Facing forward again, I jumped with shock at the figure of a large man in a cloak that stood before me. He reached into the dark folds of cloth and brandished a katana that looked sharp enough to cut through steel. I put down my bag and really wished I hadn’t done legs day at the gym the day before. I wasn’t going to waste my breath calling for help, so instead I drew a deep inhale and made the first move. I attacked to the left with a series of side kicks that felt like they were landing against metal. The contact sent reverberations through my body and I fell to the ground. The cloaked assassin raised his sword and swung with such force that I could hear the blade whistling through the air toward me. I rolled back on to my shoulders and flipped on to my feet just in time to feel the katana slice through the ends of my hair, leaving a tidy little dusting of blonde on the pavement. At that moment, feet apart, fists up, and ready to get my ass kicked, a tomcat knocked over some garbage cans in a nearby alley. My attacker was momentarily distracted and I lunged forward, neatly sidestepping the blade and pulling the handle from his gloved hands. I spun in a clean 360 degrees, rotating the sword in my hands until it protruded forward and when I faced my attacker again, I plunged the blade deep into his chest.

I had never killed anyone up until this point, but even then I was pretty sure that people were supposed to bleed when you stabbed them. Instead the cloaked man pulled the sword from his own chest, and both he and the katana flickered with electronic energy before disappearing completely. I was left alone in the night, a block from home with a sore foot and a shorter haircut.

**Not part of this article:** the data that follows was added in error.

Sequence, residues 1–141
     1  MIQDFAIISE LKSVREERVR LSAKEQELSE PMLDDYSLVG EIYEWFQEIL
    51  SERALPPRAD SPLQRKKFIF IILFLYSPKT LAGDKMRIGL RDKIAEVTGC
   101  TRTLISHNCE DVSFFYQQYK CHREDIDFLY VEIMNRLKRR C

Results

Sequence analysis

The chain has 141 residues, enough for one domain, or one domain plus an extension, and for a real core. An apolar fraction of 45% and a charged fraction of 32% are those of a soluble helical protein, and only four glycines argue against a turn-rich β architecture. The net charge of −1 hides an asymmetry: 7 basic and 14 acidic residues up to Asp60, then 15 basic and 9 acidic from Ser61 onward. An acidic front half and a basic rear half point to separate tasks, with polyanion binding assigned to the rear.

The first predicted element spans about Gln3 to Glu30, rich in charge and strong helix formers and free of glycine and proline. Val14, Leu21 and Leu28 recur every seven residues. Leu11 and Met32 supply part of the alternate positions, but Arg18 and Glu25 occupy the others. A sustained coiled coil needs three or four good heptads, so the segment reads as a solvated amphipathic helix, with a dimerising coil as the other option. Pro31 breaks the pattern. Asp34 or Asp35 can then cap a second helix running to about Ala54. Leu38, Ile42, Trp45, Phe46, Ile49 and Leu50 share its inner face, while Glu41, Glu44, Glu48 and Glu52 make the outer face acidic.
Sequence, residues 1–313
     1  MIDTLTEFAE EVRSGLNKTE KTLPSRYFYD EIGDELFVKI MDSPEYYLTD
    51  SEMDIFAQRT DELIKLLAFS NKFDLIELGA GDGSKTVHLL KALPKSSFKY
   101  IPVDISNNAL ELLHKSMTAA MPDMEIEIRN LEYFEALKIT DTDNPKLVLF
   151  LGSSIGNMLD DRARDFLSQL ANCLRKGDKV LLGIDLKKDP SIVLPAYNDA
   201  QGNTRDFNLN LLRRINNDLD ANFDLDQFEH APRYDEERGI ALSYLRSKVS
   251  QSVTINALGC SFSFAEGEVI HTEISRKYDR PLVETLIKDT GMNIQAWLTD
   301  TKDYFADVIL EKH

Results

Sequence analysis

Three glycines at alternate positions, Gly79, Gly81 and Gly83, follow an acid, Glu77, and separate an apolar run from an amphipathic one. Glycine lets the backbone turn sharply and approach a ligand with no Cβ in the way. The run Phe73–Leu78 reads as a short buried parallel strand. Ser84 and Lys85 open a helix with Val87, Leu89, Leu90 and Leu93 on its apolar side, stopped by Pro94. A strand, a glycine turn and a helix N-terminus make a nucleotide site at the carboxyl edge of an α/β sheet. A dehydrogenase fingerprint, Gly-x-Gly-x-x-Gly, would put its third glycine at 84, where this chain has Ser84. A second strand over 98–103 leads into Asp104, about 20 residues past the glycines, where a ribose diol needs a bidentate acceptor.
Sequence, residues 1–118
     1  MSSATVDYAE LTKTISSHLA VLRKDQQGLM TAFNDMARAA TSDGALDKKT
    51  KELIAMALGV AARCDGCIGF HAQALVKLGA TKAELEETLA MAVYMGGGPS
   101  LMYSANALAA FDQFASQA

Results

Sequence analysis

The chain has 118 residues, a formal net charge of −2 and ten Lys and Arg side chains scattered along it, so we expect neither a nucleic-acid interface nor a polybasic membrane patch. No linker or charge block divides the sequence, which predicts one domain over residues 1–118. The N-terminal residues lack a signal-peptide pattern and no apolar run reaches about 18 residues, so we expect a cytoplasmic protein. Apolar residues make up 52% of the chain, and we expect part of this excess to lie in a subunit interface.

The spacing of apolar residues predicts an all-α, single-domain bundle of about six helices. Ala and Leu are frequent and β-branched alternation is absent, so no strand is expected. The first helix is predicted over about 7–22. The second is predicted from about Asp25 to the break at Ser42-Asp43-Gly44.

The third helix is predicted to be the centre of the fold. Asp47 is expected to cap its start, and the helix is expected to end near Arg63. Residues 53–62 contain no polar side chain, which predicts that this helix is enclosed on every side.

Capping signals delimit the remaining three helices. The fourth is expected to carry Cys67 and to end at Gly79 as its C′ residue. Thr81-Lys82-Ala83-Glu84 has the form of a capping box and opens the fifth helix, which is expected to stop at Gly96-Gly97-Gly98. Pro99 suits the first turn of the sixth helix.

A first assassin attack is something that never leaves you. It remains with a quiet nostalgia that the rest of the attempts on your life never quite replicate. The ninja twin sisters that left me a cozy throwing-star scar on my abdomen were lovely, but not quite the same. The giant half man half wolf was scarier than the cloaked man, but our fight lacked the quiet intimacy of my first encounter, and I felt no satisfaction as I sent the snarling, snapping beast to his flickering grave.

And so my life passed, going to work, hanging out with friends, and occasionally fending off attempts to kill me. I travelled the world and even though foreign assassins were nouveau and exciting, I never questioned as to why I was being targeted to such a degree. I figured that this was just what your mid-twenties were; having fun and trying not to die.